Magazine article Variety

Night Cameras Catch Unique Moments for BBC's 'Dynasties'

Magazine article Variety

Night Cameras Catch Unique Moments for BBC's 'Dynasties'

Article excerpt

Just getting to one of the locations of BBC wildlife documentary series "Dynasties" - presented by David Attenborough and following the lives of endangered animals - requires an 11-hour flight from London to Johannesburg, a two-hour connection to Harare, Zimbabwe, an hourlong chartered Cessna 206 trip to Mana Pools National Park airstrip and an hour's drive to the banks of the Zambezi River.

Imagine the logistics of making the trek with 50 bags of gear.

Difficulties abound. Authorities will "go through every single piece of equipment, every battery you have, to match serial numbers," says Nick Lyon, director of the series' "Painted Wolf" episode. He adds that producers need to be aware of certain restrictions, including the prohibition of camera equipment of American military origin.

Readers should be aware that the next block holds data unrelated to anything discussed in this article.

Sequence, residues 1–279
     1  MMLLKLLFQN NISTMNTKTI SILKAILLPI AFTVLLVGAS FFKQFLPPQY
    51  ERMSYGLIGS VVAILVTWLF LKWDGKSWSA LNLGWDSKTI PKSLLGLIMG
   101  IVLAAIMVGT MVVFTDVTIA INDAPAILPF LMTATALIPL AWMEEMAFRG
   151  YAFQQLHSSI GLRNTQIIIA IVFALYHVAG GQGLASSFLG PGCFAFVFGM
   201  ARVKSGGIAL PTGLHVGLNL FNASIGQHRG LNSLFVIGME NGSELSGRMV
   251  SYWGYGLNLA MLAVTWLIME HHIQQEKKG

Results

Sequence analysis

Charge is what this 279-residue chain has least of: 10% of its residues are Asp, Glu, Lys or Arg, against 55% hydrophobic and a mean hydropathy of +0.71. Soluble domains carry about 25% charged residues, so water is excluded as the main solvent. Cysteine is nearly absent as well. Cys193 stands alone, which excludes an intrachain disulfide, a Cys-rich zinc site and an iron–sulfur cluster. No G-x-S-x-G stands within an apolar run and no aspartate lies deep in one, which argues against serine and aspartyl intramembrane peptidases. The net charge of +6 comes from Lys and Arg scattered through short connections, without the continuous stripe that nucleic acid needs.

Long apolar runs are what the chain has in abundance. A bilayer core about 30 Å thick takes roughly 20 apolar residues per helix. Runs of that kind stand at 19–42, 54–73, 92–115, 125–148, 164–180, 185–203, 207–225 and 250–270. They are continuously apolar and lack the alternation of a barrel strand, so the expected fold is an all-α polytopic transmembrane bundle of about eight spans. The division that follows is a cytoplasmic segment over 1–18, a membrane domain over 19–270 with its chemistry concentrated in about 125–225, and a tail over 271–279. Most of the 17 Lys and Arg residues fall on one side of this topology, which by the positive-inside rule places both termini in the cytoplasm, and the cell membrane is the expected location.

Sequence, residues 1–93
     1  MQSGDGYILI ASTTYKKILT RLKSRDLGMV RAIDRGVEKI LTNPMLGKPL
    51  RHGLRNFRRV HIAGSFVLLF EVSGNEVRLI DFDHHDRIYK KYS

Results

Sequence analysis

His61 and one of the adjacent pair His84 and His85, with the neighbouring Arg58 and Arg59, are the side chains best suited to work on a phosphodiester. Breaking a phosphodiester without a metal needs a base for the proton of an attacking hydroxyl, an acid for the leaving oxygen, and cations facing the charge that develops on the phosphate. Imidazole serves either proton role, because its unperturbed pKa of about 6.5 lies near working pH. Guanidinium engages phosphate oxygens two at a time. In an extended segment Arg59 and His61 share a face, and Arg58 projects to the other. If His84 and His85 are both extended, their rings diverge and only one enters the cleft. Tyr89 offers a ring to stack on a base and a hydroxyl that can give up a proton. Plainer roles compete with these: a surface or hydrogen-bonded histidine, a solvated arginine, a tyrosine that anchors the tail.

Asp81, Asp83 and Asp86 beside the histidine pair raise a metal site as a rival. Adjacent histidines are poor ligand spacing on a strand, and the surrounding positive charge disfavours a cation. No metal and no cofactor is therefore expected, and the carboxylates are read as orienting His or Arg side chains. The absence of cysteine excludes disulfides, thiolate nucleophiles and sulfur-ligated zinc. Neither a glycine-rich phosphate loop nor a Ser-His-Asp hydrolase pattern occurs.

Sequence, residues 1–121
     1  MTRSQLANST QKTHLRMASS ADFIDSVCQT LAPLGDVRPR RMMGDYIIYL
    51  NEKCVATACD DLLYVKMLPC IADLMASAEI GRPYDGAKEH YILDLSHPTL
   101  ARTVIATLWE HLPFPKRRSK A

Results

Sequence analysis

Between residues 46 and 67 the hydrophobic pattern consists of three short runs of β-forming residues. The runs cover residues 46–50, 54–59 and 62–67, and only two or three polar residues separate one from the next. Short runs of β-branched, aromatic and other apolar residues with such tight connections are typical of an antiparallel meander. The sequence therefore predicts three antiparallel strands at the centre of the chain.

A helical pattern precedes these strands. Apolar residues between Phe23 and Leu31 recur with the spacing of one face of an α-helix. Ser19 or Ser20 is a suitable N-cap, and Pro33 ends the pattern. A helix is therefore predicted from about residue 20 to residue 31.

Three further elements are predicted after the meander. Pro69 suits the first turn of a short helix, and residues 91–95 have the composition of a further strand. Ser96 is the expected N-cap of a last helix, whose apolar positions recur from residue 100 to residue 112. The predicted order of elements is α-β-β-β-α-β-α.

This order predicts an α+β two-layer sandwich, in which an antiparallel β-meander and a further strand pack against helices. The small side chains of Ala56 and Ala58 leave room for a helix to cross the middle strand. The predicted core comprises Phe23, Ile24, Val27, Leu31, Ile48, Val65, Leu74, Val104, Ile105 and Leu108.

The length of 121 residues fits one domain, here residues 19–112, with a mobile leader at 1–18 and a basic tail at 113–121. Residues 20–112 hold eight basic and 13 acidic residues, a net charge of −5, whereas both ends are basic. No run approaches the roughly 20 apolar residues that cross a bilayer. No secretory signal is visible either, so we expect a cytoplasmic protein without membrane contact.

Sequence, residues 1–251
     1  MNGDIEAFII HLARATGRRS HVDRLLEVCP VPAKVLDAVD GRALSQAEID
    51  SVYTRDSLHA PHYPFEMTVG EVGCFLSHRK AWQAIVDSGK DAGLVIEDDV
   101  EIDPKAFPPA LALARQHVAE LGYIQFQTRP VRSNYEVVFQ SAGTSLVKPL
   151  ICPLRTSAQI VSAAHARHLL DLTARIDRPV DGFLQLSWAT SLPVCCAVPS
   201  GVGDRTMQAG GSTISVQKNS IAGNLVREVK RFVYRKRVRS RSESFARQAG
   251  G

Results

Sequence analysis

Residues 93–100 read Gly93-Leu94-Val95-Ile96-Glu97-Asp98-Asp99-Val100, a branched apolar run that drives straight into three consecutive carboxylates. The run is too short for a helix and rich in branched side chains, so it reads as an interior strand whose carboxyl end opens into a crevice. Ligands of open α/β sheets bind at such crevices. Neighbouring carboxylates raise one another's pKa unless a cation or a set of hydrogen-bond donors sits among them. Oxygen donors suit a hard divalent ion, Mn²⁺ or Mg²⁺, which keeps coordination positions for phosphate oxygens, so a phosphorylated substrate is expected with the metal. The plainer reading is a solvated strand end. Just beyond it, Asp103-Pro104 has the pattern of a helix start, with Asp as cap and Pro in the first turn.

Lyon and executive producer Mike Gunton (who won an Emmy on his last collaboration with Attenborough, "Planet Earth II") were not allowed to bring in the latest HD thermal cameras, which they were going to use for night shoots. Instead, they deployed the Ammonite thermal camera, a retrofitted model that's a favorite of Justine Evans, a DP who specializes in night wildlife cinematography.

"It's not even SD," says Lyon, "but [the images it takes are] incredible. It's much more about the dynamic range than the number of pixels" when you're working in thermal. "Our colorist, Simon Bland, who had been working on another series, swears the image was better. …

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